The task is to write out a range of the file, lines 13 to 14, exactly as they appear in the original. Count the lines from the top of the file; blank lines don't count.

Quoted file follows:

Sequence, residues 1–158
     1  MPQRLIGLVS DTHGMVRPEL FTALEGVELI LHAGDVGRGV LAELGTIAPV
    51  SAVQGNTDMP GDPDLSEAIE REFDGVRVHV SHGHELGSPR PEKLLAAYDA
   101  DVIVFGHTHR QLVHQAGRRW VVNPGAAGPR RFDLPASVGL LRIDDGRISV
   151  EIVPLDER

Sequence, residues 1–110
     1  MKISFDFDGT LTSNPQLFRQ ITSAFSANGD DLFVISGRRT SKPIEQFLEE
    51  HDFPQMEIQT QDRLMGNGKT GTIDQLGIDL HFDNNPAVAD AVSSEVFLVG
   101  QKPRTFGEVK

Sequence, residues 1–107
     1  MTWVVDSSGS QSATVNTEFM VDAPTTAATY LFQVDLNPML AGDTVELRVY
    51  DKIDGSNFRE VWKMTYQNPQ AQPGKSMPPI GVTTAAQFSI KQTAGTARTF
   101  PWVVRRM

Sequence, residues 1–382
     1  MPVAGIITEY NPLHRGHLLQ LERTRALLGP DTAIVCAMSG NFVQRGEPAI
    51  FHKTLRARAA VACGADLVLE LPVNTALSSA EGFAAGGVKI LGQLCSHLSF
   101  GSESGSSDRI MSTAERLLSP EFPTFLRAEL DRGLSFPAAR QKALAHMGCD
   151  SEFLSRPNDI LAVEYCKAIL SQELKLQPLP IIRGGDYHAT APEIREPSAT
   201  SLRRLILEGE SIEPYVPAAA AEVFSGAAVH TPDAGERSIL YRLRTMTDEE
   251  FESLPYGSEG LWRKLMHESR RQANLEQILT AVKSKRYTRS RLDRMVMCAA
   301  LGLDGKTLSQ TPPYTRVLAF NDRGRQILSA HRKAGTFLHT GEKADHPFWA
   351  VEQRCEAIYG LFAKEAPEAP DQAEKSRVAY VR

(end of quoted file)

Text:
   101  PWVVRRM

Sequence, residues 1–382